Themed bulletin board in residence hall faces backlash
The Santa Clara
April 19, 2018
“Shame on Santa Clara University for allowing this in their dorm halls,” read a Facebook post by sophomore Alex Stewart from earlier this month.
Stewart was referring to a bulletin board titled “S-Know Your Whiteness” that was displayed on the first floor of McLaughlinWalsh Residence Hall during the first week of this quarter.
Each quarter, Community Facilitators (CFs) in McLaughlin-Walsh—also referred to by its Residential Learning Community name, “Unity”—are required to create and post one bulletin board in the Residence Hall.
This quarter, CFs were encouraged to use a Disney theme for their bulletin boards.
JJ Burwell, Unity CF and creator of the “Whiteness” bulletin board, chose a Snow White theme for his board. On it, he included a picture of the Disney Princess, as well as each of her seven dwarfs—with the exception of Happy.
The “S-Know Your Whiteness” board, seemingly aimed to educate students who identify as white, included sub-headings like, “It’s about Power” and “What to do about it.”
According to Burwell, the purpose of the bulletin board projects is to, “educate residents on specific topics of our theme of diversity, social justice and civic engagement.”
The Facebook post, along with the original bulletin board, have since been taken down, but not before the post gathered dozens of likes, shares and comments from people—even those outside of the Santa Clara community.
In his post, Stewart tagged Ben Shapiro, a conservative political journalist, and Charlie Kirk, founder of Turning Point USA, a conservative non-profit organization.
Following the publication of the Facebook post, an article about the Santa Clara bulletin board was published on The Daily Caller, a conservative news and opinion website based in Washington D.C.
In response to Steward’s Facebook post, Unity Staff sent an email out to McLaughlin-Walsh residents inviting them to “explore the bulletin board presented on 1st McLaughlin.”
The email also suggested that “if [the bulletin board] raises any discomfort” for its readers, they should “reflect further on where that might be coming from.”
Although the bulletin board raised issues for some, Burwell said that his decision to create the board came from an informative standpoint.
“[The term ‘whiteness’] explains the basis of race relations and a multitude of social interactions that affect all of us on a basis of race relations and a multitude of social interactions that affect all of us on a daily basis in the United States,” Burwell said. “As can be seen on the board, whiteness is not about skin color alone, and is not about shaming ‘white’ people. Rather, it is the system and ideology of racism that we live in. I wanted more people to be cognizant of this fact and be encouraged to learn more about it.”
“Whiteness Studies in the 21st Century,” or Ethnic Studies 172, is a course offered at Santa Clara, taught by Dr. Anthony Hazard.
The course examines changing concepts of whiteness and teaches students to gain insight into the shifts that reshape the broader dynamics of race in the US.
“Whiteness isn’t simply about skin color, rather it’s both a historical force and a contemporary designation that serves to allocate certain benefits and privileges to those defined as white in a given society,” Hazard said in response to the bulletin board and the backlash it received. “Engaging whiteness on this campus is terribly important, if in fact we as faculty, staff and students seek to live up to the Jesuit values of educating the whole person and advocating for social justice.”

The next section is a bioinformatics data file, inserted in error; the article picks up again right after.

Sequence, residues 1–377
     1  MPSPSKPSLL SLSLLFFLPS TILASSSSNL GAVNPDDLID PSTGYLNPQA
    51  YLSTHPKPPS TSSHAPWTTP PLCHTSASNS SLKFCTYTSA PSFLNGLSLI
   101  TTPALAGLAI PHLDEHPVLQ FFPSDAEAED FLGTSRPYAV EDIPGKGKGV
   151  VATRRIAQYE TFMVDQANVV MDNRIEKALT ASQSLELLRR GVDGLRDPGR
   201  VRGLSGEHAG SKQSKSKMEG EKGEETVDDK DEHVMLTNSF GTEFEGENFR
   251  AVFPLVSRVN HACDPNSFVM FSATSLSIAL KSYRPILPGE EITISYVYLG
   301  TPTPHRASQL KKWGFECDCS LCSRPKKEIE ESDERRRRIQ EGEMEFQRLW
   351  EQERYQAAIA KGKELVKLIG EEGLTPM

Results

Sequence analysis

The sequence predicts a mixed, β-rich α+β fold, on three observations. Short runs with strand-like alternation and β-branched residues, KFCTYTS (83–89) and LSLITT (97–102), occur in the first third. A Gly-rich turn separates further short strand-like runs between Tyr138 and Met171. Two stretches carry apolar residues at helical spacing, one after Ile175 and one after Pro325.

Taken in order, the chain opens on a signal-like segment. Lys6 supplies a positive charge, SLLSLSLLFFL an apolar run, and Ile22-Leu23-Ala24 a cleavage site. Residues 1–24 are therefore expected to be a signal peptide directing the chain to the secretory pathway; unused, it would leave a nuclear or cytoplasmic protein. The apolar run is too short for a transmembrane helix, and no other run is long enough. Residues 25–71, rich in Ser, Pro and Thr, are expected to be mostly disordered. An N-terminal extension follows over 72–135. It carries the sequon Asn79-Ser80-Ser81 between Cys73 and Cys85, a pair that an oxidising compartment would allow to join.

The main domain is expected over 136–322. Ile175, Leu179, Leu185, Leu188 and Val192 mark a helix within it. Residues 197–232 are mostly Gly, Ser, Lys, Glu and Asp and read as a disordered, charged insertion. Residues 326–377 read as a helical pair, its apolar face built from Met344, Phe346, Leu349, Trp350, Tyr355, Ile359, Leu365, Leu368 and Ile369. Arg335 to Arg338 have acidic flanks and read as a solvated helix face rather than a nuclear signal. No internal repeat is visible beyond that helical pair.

Despite the bulletin board’s academic intentions, the Unity staff felt that it would be best to rethink the wording.
“Following unsettling posts on Facebook, the decision was made with CF JJ to temporarily remove the bulletin board,” said Omar Harb Michel, Resident Director of McLaughlinWalsh. “[This was] to consult with the larger team about effective methods to educate residents about the critical topic of ‘whiteness’ and ‘white privilege.’ This is an important leadership experience for the Unity staff and a fundamental part of our educational process.”
The Multicultural Center (MCC) and its staff is aware of the situation, and have been working to support the Unity staff through this process.
“In a world that challenges the validity of our truths—the truths of power, oppression, and privilege — we stand strongly in support of this bulletin board and the CF that created it,” Director of the MCC Zerreen Kazi said in a statement she made on behalf of the group. “We see this bulletin board, and the content it represents, as an important step in working towards a more just, inclusive community.”
An updated bulletin board has been posted on the first floor of McLaughlinWalsh with the new headline of “What is Whiteness?”
Along with the headline, sub-headings were also changed to be less accusatory.
The sub-heading, originally titled “What to do about it,” now reads “Next Steps.”
Stewart, however, is still frustrated by the bulletin board, despite the changes, saying that “By [putting the board back up], the University is discriminating against people with white skin.”
Burwell, on the other hand, feels that the situation has been an overall positive one.
“The best part of this incident was the immense amount of support I received from Unity residents and other SCU students,” Burwell said. “Many of my residents personally came to me to talk about how proud they were to see a board that they felt was necessary and meaningful to them. It also led to many conversations about ‘whiteness’ and realities of the system of racism. Bringing awareness is the first step to addressing the issue, and I believe the board—and in a way the backlash it received—accomplished this.”
Contact Kimi Andrew at email@example.com or call (408) 554-4852.